This is something I’ve been guilty of this many times. As long as someone is producing and is low drama, I would let them do their thing. And while that’s okay to a point, it’s a missed opportunity to get a deeper understanding of performance.

As someone who started my career in sales, I learned early on that two salespeople could both work very hard, have the same skills, do the same things and get very different outcomes based on the nature of their sales territory. One territory might be more familiar with the brand you are selling than the other. Or maybe it had a terrible salesperson in the past.

A lazy manager might conclude that one of these salespeople is a better performer than the other, but that would be the wrong conclusion.

Alternatively, you might have an incredibly committed and talented salesperson in a bad territory getting average results and a poor one in a great territory getting the same. But the performance is not at all the same.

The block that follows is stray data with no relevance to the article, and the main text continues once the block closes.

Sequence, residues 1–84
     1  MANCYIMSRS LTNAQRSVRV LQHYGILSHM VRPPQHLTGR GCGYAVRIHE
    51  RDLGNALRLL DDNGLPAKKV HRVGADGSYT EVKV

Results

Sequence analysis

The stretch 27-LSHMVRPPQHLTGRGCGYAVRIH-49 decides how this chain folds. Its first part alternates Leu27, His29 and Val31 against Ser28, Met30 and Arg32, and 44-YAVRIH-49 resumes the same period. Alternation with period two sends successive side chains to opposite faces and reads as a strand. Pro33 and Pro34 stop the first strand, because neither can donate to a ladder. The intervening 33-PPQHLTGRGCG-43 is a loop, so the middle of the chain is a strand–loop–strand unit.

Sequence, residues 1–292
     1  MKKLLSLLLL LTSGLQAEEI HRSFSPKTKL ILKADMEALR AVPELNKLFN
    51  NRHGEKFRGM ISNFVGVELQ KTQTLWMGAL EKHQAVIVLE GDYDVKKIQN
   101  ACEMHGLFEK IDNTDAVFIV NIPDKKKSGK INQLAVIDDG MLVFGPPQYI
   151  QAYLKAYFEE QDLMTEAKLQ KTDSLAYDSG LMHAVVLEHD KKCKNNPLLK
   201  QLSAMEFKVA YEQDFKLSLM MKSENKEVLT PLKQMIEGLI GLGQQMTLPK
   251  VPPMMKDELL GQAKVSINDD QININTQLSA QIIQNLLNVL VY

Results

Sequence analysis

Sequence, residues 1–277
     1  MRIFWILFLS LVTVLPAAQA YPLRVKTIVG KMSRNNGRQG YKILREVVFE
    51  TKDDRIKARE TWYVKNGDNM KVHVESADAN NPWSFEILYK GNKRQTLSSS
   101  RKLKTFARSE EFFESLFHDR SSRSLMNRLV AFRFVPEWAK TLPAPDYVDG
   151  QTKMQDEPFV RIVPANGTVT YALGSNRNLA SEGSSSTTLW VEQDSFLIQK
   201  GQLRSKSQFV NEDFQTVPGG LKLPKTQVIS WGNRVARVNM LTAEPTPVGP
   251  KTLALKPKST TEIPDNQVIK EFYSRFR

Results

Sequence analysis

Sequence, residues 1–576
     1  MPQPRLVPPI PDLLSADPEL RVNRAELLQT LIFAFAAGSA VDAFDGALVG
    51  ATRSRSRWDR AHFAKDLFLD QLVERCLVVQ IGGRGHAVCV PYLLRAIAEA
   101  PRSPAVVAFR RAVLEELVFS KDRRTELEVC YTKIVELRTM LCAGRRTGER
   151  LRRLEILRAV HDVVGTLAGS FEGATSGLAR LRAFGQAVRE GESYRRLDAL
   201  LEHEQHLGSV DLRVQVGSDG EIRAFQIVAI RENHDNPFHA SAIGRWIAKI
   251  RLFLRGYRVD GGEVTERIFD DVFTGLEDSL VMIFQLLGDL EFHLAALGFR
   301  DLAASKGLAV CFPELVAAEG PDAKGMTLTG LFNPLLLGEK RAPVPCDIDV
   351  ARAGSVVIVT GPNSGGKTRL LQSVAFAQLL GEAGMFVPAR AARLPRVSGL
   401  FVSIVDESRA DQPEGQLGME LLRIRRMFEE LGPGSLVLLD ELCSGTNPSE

As a leader, you need to understand not just the outcomes people produce, but the context, effort, and work they put into achieving them.

Both the process and the outcomes matter in performance management.

Once you start being able to separate the outcomes from the process, you can begin to gain a deeper understanding of what is truly contributing to performance.

And, you’ll start to see your people, their true performance, and their needs more clearly.


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Jason Lauritsen